China strengthens surveillance of Covid variants as countries impose entry restrictions
China is ramping up surveillance for variants of Covid-19 as an unprecedented wave of coronavirus hits its population, causing worldwide alarm and introducing new restrictions on travelers. from this country.
In recent days, Chinese researchers and officials have begun uploading genome sequence data from hundreds of Coronavirus sample for Gisaid, a global online database that allows scientists to track virus mutations.
Data, although limited, suggest that major Omicron sub-variants are widespread in China similar to those identified in Europe and North America, where they are mostly competed by more virulent strains.
A research team at a major university in Beijing that has begun sending sequenced samples from the city says about 80% of their specimens are the Omicron BF.7 sub-variant, while 20% are BAs. .5.2. Both are by-products of strain BA.5.
“The sample size is small so we still need more data to get the full picture,” said one member of the research team, who requested anonymity.
These findings are consistent with statements from Chinese health officials, who have said that two Omicron sub-variants are responsible for the majority of cases in the country, as well as other samples uploaded to Gisaid. from Fujian, Guangdong, Sichuan and other provinces.
Data from the US Centers for Disease Control and Prevention estimated that the BA.5 sub-variant was responsible for 80% of Covid-19 cases in the US in September, but had dropped to 7% by mid-Dec. BF.7 was found in 7% of US samples in November and only 4% in the week to December 24.
This month, Xu Wenbo, a top official at the Chinese Center for Disease Control and Prevention, said the agency is developing a national genetic database of Covid samples.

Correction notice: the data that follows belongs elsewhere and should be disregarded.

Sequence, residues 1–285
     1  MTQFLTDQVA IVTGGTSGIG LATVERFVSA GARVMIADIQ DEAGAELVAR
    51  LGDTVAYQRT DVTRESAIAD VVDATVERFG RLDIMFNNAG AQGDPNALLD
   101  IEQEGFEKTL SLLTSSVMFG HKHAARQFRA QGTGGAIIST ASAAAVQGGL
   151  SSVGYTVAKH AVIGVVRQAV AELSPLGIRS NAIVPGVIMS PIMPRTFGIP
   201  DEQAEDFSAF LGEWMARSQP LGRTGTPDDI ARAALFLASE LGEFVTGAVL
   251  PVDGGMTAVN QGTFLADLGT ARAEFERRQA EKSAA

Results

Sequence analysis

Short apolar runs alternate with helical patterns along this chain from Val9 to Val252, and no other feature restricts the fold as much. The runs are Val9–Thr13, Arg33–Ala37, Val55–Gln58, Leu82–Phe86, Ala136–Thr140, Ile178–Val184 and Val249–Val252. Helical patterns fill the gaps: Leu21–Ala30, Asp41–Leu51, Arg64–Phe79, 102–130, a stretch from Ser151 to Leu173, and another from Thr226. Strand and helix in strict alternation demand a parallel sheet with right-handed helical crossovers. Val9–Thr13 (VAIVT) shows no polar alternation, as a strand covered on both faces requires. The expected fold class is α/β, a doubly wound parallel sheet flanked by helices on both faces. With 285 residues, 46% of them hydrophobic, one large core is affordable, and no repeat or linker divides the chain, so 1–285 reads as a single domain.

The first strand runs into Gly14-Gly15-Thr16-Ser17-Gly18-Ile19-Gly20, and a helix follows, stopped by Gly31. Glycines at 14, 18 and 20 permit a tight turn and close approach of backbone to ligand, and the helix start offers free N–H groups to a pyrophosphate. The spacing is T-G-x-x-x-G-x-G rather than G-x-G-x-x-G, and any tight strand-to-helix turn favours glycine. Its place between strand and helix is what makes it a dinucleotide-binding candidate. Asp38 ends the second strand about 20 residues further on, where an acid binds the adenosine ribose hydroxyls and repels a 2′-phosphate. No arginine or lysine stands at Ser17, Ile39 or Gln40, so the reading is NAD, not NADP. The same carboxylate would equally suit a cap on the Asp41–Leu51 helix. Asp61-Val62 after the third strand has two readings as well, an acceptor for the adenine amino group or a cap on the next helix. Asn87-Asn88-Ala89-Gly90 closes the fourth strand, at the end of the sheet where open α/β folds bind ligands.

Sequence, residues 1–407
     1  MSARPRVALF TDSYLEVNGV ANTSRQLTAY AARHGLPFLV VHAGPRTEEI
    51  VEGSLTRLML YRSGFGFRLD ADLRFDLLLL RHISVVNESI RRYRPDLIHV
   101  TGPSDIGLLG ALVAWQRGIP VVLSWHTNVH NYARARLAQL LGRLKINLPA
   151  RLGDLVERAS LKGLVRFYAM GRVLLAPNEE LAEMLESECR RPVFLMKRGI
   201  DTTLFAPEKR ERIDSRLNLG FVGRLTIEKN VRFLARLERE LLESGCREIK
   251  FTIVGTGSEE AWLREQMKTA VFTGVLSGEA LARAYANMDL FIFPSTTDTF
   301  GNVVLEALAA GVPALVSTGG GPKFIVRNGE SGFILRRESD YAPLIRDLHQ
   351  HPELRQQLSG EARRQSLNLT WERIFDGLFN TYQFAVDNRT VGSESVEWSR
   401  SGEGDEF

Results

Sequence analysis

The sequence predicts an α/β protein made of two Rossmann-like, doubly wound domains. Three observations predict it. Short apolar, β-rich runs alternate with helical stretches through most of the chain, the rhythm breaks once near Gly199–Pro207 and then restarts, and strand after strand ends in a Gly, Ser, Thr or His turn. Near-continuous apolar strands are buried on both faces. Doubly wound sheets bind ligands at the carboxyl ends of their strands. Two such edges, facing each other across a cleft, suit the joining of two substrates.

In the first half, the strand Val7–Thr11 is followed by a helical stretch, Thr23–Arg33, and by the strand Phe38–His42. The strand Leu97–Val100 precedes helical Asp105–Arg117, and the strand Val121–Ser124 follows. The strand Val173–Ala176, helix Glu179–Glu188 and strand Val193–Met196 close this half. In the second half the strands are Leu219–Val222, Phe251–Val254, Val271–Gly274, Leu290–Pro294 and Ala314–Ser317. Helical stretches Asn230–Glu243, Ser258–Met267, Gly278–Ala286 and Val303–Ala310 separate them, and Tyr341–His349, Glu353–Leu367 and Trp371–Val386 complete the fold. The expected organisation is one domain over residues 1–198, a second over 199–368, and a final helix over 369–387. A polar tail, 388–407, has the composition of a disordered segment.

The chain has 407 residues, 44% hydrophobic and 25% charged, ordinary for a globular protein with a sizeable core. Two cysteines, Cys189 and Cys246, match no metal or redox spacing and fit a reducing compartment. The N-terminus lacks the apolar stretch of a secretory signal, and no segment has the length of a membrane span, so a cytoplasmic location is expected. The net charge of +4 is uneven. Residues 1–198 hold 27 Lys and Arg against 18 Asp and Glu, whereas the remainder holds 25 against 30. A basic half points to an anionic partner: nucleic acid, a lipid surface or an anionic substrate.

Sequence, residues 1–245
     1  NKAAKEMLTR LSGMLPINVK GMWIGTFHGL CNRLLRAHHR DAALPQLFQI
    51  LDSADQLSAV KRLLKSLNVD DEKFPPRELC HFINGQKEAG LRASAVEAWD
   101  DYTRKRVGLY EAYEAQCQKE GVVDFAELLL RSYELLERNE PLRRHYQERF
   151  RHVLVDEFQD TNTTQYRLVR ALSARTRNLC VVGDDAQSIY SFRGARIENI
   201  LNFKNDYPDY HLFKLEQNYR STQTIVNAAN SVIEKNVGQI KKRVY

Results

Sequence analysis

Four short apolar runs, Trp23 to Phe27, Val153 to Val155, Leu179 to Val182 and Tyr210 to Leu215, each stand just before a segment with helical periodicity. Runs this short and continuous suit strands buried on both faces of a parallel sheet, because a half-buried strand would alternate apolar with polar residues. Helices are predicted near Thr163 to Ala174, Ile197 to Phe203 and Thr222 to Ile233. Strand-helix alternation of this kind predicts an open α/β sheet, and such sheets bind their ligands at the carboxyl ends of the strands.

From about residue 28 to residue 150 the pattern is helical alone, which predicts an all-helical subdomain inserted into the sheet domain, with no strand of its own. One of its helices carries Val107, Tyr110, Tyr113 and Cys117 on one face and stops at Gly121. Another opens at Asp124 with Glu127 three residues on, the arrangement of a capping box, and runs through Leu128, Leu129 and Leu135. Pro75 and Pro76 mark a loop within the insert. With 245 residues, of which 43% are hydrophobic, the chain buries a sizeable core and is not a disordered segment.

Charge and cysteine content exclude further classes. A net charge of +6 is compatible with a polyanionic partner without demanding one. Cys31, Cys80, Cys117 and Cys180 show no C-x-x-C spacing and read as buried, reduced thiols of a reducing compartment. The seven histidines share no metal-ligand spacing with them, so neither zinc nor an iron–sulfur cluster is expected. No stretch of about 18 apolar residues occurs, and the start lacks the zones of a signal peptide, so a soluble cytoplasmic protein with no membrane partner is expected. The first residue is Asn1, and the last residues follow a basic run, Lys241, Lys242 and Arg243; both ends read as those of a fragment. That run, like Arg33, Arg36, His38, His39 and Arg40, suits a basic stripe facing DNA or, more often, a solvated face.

Xu said three hospitals in each province will take samples from at least 25 Covid patients each week, but it is not yet clear whether the system has been put into operation. Health officials are struggling to cope with a large influx of elderly Covid patients who have Hospitals and emergency services are overwhelmed.
Beijing’s move to limit most Covid testing while publishing unbelievably low mortality figures has increased uncertainty that it is once again covering up information to cover up the extent of the outbreak. outbreak, as when Covid was first detected in Wuhan.
China’s top health officials last week estimated the country alone at seeing 37 million new infections every day, with the rate of spread of Covid is still increasing. Airfinity, a UK-based health data group, has forecast 1.7 million deaths across China by the end of April 2023.
The United States on Wednesday cited data “lack of complete data and transparency” when it announced Covid testing requirements for air travelers from China.
Japan, India, Taiwan, South Korea and Italy have also imposed restrictions on Chinese visitors in the face of a wave of visitors. when the country reopens its borders. Italy found that more than half of the passengers on a post-Christmas flight from China to Milan were infected, but on Thursday said no new variants had been found among the resolved cases. sequence.
Gisaid said that in the past week, China has submitted nearly a thousand virus genomes, and that provincial offices with the China CDC have “significantly increased the number of genome sequencing and related metadata submissions from samples”.
The head of a Chinese Covid vaccine maker said health officials were very concerned that sub-variants such as XBB and BQ, which are common elsewhere, would create a second wave of Covid-19 in the country. coming months. Gisaid data shows that strains of the virus have started circulating in Shanghai.
“With the outbreak being so widespread, it’s almost certain that China will eventually have its own variant, we just don’t know how serious or dangerous it is,” he added.
Ben Cowling, a professor of epidemiology at the University of Hong Kong, said it was reasonable to be wary of new variants emerging in China, but added that “more sequencing would be better from all the nations”.
“It’s not fair to say that only China should do more sequencing,” he said.